FIFA chief Infantino defends 48-team World Cup

FIFA President Gianni Infantino has defended his latest proposal for a 48-team World Cup, saying it would not extend the tournament beyond the existing length nor require any more venues.

A source in FIFA said on Wednesday that Infantino had changed his mind over his plans for the future of the World Cup and has now recommended a 48-team tournament with 16 groups of three.

Infantino’s latest suggestion, the source said, was among four proposals which have been sent to FIFA Council members who will decide in January on the format and number of teams for the 2026 World Cup.

The Swiss, speaking at a FIFA summit in Singapore on Thursday, said changes from the existing 32-team format did not mean a longer tournament or more stadiums.

“What I can say already now just to be very clear is that all these formats can be played in the same number of days as currently, 32 days, with the same number of stadiums then currently, 12 stadiums, and that the team qualifying or the two teams qualifying for the final of the tournament will play seven games,” he told reporters.”This means that there is no additional burden for the players because if you play the final, you play seven games in 32 days exactly as it is the case now so there is no downside for the player.

“There is no downside for the clubs because the calendar is not impacted but there is a big upside for football, because it allows eight or 16 more teams, more countries and more regions in the world, to participate in the top competition of the world which is the World Cup.”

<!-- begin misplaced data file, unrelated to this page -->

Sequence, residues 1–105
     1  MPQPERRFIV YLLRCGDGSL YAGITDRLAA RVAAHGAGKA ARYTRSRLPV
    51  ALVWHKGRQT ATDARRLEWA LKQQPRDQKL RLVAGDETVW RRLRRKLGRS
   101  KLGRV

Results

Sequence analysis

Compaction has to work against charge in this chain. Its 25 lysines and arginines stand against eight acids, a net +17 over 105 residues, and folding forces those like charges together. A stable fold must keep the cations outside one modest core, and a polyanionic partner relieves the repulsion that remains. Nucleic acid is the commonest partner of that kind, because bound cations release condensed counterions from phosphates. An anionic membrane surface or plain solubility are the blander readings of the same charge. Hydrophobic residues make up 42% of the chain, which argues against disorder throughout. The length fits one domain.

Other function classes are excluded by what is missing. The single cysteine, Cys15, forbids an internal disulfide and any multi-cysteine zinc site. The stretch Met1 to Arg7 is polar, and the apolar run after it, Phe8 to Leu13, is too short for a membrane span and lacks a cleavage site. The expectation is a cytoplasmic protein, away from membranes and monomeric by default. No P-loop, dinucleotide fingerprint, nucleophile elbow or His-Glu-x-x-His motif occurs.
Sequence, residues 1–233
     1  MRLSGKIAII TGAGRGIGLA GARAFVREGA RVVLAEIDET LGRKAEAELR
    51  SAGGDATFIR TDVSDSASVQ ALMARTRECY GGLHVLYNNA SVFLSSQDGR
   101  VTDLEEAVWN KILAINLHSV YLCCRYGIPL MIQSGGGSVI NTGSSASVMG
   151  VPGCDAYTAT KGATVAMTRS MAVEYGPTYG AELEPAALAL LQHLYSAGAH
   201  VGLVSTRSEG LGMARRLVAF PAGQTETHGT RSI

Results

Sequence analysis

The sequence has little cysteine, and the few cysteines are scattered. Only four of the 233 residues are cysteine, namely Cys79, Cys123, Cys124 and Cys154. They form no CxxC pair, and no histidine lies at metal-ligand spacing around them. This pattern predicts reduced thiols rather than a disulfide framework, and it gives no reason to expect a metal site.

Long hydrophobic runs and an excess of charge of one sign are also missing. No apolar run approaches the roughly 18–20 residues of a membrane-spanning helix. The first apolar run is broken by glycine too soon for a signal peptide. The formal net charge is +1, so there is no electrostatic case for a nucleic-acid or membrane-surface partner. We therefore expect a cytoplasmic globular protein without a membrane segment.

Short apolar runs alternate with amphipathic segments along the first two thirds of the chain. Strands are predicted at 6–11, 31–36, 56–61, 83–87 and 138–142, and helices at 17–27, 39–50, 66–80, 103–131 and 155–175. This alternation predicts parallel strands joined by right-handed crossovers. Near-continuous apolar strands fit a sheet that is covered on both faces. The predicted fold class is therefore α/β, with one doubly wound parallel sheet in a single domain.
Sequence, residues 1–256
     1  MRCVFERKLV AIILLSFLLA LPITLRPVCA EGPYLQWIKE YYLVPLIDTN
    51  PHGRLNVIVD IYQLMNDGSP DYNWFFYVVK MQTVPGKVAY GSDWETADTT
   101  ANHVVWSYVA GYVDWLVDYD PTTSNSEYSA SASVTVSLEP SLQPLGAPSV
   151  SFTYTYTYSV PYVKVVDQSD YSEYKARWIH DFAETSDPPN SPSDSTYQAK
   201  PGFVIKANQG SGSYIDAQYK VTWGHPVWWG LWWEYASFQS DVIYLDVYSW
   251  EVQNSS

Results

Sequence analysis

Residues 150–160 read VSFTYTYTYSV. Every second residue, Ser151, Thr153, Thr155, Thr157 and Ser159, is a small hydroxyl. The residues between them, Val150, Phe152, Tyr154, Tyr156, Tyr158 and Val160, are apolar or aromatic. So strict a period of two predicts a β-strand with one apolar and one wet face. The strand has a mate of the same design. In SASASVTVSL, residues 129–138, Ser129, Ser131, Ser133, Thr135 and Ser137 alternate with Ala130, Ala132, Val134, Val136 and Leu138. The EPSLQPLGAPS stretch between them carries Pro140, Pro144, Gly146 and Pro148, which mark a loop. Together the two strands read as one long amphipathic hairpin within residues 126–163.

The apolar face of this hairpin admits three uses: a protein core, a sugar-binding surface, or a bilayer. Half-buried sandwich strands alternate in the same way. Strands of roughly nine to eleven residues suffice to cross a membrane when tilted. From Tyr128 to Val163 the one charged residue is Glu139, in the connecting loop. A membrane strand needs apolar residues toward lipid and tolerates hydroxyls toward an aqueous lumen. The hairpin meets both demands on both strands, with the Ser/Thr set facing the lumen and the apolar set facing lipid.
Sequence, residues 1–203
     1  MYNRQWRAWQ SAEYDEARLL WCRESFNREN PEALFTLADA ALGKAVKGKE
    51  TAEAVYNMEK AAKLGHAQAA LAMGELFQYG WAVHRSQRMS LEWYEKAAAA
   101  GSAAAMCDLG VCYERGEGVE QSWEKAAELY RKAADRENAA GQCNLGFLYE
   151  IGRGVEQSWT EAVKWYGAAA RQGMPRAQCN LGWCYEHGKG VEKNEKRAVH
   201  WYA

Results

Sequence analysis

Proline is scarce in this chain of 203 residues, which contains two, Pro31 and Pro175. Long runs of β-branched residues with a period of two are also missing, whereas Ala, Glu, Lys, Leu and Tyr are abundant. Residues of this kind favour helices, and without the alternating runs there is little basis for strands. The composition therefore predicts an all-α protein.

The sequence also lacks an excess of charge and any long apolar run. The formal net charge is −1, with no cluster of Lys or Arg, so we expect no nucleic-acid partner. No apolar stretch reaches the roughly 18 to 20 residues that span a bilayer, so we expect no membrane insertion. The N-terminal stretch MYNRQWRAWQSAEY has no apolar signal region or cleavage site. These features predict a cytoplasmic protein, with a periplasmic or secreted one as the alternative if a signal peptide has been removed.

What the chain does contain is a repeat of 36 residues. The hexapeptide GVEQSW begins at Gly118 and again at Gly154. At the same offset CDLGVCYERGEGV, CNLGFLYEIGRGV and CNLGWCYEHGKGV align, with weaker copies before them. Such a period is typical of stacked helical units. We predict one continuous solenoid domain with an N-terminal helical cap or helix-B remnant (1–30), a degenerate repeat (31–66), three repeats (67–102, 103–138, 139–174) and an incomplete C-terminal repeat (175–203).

Infantino had previously suggested a 48-team tournament but with a one-off preliminary round involving 32 teams, with the 16 winners going into a 32-team group stage and joining 16 teams who would receive a bye.

This remained an option but was no longer the favoured one, the source said.

When he was elected in February, Infantino had promised to expand the tournament from the current 32 teams to 40.

This was also among the proposals, with either eight groups of five or 10 groups of four, while the fourth suggestion is to maintain the 32-team format.

Critics, including Germany coach Joachim Loew, have said that adding another 16 teams would dilute the quality of global soccer’s showpiece event but Infantino disagreed.

“I think that the value and the quality of football has grown incredibly all over the world,” he said.

“Let’s not forget in the last World Cup, for example, two of the historic big countries like England and Italy have been eliminated by Costa Rica, which is not really known as a powerhouse of world football.

“This shows that the quality is certainly wider than many people say or think.”


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